Doctors give this recommendation based on a misplaced sense of compassion — doctors truly believe it is emotionally easier on the mother and perhaps more compassionate for the baby if death is induced before birth.

They also offer abortion because they are uncomfortable with uncertainty. Termination is certain. A baby living with a disability is an uncertainty — how much care will they need? For how long? How severe is the prognosis after birth?

The healthcare field needs to vastly improve in the area of prenatal diagnosis.

Tweet This: The healthcare field needs to vastly improve in the area of prenatal diagnosis 

Women deserve to have time to make a decision. They deserve accurate, current information on the condition their child has and the treatments available. They also deserve to be given support resources.

Healthcare professionals need to be more unbiased in their options counseling and should seek training in trauma and how to deliver news in way that can reduce the traumatic impact on parents.

But amidst all the doom and gloom and the changes that need to be made, there is good news.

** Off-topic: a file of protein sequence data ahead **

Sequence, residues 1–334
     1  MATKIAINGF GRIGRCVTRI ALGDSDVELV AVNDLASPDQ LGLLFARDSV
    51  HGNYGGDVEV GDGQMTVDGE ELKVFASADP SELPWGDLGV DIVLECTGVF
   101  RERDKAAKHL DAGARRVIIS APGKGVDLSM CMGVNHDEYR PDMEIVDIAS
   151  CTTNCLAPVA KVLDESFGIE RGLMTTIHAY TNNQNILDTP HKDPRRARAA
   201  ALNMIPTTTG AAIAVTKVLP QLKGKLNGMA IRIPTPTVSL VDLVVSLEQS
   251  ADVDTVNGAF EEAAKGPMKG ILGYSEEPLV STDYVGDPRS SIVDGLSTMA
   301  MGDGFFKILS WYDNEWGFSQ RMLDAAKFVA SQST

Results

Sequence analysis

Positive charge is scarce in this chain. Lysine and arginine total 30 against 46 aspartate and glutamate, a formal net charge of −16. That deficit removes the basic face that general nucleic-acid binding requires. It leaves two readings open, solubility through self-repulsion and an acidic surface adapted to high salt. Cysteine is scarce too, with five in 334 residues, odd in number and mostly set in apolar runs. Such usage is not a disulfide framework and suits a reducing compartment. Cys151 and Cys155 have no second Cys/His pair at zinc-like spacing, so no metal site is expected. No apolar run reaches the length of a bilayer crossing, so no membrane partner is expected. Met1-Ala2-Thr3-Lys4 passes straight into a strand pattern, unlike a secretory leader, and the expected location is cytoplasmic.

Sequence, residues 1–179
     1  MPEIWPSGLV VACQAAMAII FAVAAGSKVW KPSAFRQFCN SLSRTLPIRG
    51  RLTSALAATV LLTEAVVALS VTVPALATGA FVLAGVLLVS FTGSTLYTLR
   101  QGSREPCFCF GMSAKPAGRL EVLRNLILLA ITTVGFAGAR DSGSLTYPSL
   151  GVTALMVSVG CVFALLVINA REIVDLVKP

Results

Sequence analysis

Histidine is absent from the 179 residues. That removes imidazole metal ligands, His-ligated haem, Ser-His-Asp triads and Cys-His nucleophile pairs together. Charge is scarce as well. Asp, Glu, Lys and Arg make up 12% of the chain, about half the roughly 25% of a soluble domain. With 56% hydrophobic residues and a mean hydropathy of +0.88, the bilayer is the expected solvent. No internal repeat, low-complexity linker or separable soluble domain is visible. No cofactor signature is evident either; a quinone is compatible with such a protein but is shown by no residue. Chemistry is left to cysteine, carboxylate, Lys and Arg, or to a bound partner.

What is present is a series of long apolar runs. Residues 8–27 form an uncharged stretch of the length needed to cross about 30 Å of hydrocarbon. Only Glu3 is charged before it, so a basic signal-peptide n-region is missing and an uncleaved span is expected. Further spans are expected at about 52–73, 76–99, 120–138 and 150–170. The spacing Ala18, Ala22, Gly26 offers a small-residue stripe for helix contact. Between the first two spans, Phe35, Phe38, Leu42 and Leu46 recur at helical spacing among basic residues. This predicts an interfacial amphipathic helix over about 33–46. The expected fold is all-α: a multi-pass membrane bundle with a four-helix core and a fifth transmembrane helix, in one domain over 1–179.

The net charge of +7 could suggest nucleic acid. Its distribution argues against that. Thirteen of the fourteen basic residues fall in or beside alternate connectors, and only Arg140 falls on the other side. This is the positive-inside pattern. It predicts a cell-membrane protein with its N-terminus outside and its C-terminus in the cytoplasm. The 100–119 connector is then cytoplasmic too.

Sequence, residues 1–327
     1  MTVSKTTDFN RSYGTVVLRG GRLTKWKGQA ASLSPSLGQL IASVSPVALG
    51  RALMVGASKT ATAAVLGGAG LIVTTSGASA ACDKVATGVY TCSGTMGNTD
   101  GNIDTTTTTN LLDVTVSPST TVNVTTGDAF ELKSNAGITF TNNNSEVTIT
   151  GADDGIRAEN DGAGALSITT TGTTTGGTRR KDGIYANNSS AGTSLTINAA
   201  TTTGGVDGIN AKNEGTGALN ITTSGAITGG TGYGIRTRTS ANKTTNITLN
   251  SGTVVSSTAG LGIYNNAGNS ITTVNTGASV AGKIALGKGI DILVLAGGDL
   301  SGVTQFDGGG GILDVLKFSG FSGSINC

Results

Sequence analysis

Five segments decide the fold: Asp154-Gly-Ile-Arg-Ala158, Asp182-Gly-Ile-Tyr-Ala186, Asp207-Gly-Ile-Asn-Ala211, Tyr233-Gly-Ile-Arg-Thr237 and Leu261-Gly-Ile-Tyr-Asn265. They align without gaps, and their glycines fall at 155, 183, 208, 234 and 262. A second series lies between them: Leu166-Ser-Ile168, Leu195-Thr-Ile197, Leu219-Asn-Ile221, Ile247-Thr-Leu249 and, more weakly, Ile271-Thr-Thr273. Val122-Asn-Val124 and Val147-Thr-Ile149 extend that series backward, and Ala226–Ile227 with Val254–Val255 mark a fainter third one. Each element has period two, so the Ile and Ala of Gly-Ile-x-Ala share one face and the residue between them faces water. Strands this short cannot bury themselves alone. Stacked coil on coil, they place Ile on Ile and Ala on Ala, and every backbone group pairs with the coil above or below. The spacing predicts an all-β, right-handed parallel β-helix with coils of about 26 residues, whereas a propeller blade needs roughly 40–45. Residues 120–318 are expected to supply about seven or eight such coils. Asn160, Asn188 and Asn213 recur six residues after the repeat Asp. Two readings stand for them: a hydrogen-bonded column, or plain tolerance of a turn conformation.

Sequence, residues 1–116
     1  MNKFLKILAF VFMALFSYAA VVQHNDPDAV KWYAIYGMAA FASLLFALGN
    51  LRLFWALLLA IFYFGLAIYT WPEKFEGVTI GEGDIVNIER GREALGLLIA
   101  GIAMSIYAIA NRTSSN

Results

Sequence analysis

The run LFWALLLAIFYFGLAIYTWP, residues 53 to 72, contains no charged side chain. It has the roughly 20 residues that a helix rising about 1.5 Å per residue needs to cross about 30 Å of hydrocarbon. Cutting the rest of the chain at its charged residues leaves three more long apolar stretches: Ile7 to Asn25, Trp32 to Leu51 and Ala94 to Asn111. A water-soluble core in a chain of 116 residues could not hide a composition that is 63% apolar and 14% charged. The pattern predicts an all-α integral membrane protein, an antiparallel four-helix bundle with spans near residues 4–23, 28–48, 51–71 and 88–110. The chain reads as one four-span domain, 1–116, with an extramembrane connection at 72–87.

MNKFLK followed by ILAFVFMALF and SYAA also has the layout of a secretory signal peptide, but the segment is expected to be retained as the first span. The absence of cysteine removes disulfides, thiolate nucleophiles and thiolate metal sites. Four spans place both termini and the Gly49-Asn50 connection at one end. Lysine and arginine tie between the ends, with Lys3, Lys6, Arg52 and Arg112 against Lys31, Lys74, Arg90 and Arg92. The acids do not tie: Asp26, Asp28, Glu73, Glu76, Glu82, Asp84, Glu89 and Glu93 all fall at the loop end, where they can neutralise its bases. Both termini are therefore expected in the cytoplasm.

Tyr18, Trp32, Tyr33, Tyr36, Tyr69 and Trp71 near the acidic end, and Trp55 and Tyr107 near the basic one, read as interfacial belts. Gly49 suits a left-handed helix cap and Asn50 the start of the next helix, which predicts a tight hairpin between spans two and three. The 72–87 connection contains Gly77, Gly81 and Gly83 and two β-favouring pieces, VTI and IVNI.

These parents are very likely to choose life when they are aware of resources that may be available for them and of the other options they have.

We have an opportunity to help these parents become informed and really, to help them make the decision they have wanted to make all along: to love and care for their baby and to welcome them into their family.

Additionally, there are resources for those who have received a prenatal diagnosis. Something is being done to try to offer women in these particular situations alternative perspective and compassionate, empathetic care.

One resource women who have received a prenatal diagnosis, pregnancy help organizations, sidewalk counselors, and anyone else who may interact with a woman who has received a prenatal diagnosis is

This site is a collaboration between Heartbeat International, Be Not Afraid, String of Pearls, HER Plan, and Charlotte Lozier Institute.

Tweet This: We have an opportunity to help parents who receive a prenatal

It is written to and for parents who have received a prenatal diagnosis, and contains information, resources, and support. Soon, there will be a way for mothers to connect with a Parent Care Coordinator who can walk with them through their pregnancy journey.

If you are interested in becoming a Parent Care Coordinator or even being more prepared as a first line responder for women who have received a prenatal diagnosis, you can visit the Be Not Afraid website, which offers training for both of these levels of care.

Editor’s note: Heartbeat International manages the Abortion Pill Rescue® Network (APRN) and Pregnancy Help News. Heartbeat Conference recordings can be purchased HERE.